Effect of handrail height and age on the timing and speed of reach-to-grasp balance reactions during slope descent
Cluster members Dr. Vicki Komisar and Dr. Alison Novak investigated the effect of handrail height on the timing and speed of reach-to-grasp balance reactions during slope descent, in fourteen younger and thirteen older adults.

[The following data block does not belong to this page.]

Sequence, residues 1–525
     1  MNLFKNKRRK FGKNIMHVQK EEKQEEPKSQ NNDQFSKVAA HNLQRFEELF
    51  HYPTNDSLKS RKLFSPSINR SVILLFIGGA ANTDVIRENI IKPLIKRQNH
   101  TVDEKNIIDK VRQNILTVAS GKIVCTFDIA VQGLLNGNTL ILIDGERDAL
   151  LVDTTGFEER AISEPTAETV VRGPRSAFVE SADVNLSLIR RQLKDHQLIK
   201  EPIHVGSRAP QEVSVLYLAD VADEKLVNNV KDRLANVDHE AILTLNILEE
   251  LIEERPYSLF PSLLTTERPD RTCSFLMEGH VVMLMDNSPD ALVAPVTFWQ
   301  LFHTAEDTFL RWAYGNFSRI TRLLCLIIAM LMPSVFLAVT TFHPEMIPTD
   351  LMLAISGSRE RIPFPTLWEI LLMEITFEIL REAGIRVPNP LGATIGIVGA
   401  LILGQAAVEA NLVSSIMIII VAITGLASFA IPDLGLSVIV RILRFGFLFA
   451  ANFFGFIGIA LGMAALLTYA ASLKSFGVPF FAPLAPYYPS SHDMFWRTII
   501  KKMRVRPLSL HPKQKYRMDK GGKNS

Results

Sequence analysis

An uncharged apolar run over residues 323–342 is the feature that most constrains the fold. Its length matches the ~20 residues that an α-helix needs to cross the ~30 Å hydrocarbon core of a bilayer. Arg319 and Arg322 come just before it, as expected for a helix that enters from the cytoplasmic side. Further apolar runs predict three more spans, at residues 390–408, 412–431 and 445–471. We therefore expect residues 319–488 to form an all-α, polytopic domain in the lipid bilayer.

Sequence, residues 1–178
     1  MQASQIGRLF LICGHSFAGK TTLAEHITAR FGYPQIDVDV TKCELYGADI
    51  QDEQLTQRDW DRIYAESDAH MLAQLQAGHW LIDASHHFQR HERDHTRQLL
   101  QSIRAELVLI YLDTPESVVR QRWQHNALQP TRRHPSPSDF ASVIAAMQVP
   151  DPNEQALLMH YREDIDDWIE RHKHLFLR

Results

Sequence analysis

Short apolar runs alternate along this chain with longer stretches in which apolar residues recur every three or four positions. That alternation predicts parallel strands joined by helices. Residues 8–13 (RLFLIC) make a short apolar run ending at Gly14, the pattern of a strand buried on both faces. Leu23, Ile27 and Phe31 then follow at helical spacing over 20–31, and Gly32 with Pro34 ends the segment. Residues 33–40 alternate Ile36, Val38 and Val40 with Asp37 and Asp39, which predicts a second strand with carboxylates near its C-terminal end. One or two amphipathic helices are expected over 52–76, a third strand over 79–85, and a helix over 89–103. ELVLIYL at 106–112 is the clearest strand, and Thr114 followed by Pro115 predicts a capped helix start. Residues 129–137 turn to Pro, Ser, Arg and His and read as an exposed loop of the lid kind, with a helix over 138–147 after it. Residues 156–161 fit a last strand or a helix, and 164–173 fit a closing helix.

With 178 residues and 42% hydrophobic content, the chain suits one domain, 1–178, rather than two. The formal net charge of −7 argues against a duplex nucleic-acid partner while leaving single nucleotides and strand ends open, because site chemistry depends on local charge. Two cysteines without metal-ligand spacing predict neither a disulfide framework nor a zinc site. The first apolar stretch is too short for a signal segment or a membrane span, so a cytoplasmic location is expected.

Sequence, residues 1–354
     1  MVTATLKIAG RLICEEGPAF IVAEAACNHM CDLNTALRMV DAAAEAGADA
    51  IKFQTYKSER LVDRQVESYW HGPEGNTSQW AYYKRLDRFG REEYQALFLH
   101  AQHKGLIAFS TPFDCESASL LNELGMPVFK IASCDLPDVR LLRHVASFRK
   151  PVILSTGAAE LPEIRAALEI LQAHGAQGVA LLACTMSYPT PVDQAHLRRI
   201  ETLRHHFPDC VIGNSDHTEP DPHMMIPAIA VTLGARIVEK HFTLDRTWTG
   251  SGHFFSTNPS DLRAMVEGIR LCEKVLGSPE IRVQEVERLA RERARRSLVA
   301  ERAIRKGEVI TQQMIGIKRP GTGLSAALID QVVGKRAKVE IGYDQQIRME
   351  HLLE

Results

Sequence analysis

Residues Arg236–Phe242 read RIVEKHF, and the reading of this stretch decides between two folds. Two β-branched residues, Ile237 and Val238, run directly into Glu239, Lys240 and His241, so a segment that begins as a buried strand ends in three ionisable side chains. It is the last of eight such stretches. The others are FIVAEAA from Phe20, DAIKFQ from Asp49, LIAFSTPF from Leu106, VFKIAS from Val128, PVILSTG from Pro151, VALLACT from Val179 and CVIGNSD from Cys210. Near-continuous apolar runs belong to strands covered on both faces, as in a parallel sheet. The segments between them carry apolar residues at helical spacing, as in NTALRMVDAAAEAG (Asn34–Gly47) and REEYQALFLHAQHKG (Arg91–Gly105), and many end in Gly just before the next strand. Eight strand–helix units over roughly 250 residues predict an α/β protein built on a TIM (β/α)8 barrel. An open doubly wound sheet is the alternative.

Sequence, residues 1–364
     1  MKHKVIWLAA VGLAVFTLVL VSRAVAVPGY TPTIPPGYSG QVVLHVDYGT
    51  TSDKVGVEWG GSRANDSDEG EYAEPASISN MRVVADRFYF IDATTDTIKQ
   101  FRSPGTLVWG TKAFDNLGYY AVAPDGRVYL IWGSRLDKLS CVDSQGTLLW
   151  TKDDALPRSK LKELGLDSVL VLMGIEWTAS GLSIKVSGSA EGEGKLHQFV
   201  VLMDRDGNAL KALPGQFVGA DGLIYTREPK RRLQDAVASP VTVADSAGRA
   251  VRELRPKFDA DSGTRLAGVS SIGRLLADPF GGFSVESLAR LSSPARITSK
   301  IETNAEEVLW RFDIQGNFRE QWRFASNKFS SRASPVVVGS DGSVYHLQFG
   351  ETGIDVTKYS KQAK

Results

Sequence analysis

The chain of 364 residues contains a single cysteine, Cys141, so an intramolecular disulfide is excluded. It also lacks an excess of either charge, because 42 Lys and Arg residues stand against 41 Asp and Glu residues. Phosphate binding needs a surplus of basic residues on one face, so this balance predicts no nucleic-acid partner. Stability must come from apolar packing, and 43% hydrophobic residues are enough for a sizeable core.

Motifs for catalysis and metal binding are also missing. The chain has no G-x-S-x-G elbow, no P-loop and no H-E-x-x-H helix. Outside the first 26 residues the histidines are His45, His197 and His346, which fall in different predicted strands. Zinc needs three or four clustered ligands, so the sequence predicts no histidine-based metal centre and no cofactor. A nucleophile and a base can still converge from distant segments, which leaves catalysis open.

Participants walked along an 8° slope mounted to a robotic platform. Platform perturbations evoked reach-to-grasp reactions. Handrail height did not significantly affect handrail contact time (i.e., time from perturbation onset to handrail contact) or movement time (i.e., time from EMG latency to handrail contact). Participants appeared to compensate for the increased hand-handrail distance with higher rails via increased peak upward hand speed, and decreased vertical handrail overshoot. Aging was associated with slower EMG latency, reduced hand acceleration time, and increased hand decelleration time. Our findings suggest that participants were not disadvantaged by higher handrails from reach-to- grasp timing or speed perspectives, and that other metrics (e.g., center-of-mass control after grasping) may be more important when evaluating handrail designs for balance recovery.Applied Ergonomics